I Hear You Knocking wasn't the only time that a song Smiley had introduced on Imperial was borrowed by another artist who fared considerably better with it. Bartholomew was also Domino's Imperial producer and songwriting partner, and he recycled several songs he'd originally given Lewis with the Fat Man, the results usually proving far more lucrative for everyone concerned except Smiley. Elvis Presley was similarly aware of the value of the Lewis songbook. He took Smiley's lusty 1956 R&B hit One Night, where he longed for "one night of sin," and toned the lyrics down into a "one night with you" scenario that proved a '58 pop smash.

"Smiley was the hard-luck guy of the studio, you know? Even when he had recordings that got done, other people covered them and had better financial success with them," said Matassa. "It was kind of rough in that sense. It was a case that (the teenagers) didn't hear the other one." There was a silver lining: the publishing royalties accrued to Bartholomew either way. "The white guys were getting the airplay," noted Cosimo. "So, bad as it was, it was pretty good."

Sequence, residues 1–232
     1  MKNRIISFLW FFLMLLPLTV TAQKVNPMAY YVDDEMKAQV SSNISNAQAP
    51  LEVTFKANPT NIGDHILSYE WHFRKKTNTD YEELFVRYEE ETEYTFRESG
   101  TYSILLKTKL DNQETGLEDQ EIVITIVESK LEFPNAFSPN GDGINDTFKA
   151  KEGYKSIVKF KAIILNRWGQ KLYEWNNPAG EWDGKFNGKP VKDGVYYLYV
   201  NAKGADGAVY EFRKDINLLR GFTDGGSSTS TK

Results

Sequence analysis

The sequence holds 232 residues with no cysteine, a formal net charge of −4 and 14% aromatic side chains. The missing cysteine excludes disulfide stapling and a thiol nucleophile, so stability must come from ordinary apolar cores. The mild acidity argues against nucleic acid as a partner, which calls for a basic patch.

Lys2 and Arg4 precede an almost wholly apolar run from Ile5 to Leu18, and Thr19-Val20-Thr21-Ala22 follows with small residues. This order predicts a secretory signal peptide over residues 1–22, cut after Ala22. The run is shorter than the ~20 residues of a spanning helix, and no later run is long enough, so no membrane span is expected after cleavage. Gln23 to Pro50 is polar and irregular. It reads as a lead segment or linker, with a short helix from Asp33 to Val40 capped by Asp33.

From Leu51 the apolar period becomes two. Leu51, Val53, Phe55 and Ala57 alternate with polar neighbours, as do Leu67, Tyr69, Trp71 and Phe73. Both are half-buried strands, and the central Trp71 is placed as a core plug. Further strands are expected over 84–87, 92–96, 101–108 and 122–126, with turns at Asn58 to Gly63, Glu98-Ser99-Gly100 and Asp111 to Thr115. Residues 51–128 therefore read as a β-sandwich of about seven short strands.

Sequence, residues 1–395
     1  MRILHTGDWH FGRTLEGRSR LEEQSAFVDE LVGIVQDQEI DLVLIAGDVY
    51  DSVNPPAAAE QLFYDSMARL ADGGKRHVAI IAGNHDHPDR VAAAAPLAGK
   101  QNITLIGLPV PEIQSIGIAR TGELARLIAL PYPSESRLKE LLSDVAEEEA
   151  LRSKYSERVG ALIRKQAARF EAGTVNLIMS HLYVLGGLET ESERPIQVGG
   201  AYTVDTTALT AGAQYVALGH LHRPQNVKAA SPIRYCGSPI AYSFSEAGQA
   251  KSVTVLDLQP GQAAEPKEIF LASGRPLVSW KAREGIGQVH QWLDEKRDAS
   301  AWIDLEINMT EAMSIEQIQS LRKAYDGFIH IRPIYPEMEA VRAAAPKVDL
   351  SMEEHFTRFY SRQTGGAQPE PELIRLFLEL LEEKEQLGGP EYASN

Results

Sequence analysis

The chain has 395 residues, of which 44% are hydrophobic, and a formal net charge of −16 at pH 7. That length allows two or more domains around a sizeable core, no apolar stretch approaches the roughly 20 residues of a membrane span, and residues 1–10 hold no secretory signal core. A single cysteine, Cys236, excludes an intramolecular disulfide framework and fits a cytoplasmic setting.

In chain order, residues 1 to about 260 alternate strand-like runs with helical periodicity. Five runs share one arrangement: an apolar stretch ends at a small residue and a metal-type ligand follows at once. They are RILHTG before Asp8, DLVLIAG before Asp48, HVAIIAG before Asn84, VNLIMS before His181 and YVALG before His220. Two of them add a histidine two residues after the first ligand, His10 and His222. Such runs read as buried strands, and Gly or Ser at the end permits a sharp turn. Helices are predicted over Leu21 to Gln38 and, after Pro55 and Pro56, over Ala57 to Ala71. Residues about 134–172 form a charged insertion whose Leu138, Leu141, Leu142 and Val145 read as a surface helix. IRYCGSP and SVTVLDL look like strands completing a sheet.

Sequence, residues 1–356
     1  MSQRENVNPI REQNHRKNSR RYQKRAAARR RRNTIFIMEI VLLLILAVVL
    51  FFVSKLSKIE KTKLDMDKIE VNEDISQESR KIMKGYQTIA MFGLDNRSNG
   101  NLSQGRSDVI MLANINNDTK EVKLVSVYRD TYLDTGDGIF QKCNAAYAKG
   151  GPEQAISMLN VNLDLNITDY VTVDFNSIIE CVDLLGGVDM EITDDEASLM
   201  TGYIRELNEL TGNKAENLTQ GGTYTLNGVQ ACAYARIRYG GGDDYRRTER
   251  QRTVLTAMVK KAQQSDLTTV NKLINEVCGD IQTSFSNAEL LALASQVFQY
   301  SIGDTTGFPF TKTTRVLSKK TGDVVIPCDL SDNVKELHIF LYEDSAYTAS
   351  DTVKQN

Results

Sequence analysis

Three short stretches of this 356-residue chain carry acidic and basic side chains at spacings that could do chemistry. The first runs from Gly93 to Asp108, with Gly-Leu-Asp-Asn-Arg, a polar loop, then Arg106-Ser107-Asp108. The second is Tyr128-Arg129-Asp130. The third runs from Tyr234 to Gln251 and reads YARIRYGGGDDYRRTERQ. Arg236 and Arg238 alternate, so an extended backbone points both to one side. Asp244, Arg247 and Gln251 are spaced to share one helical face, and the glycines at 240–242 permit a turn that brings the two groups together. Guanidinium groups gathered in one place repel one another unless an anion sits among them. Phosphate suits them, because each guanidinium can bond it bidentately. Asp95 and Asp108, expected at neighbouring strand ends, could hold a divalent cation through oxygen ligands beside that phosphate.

According to Social Security records, Overton Amos Lemons was born July 5, 1918 (his death certificate listed his birth year as 1920; 1913 was cited in Bear Family's four-CD Lewis boxed set 'Shame, Shame, Shame') in DeQuincy, Louisiana. Located 22 miles from Lake Charles, where Eddie Shuler's Goldband label issued a slew of seminal bayou blues and Cajun platters, DeQuincy sits near the Texas border, approximately 140 miles from Houston.

Overton spent at least part of his youth in a town called West Lake, another neighbor of Lake Charles. But sometime in his mid-teens, his second wife Dorothy Ester Lemons told interviewer Rick Coleman in the liner notes to 'Shame, Shame, Shame,' the lad hopped aboard a freight train passing through town with some of his pals. The others soon leaped off but Overton stayed on, riding the rails all the way to New Orleans and remaining there. A white family reportedly took the teenager in and raised him. During the '30s, he grew polished enough on guitar and vocals to link up with trumpeter Thomas Jefferson's band, whose members also included pianist Isidore 'Tuts' Washington, Jr.

Born January 24, 1907 in New Orleans, Washington started out playing with Dixieland bands in his early teens. He developed quite a local reputation for his piano skills long before laying eyes on Lemons. Jefferson's aggregation played classy local nightspots including the Gypsy Tea Room and the Court of Two Sisters. The versatile young Lemons styled himself as a troubadour, strolling from table to table to serenade the patrons. His voice was so powerful that a microphone was quite unnecessary, and he could croon sweet ballads by the Ink Spots or Bing Crosby as convincingly as earthier fare, depending on the situation and the venue.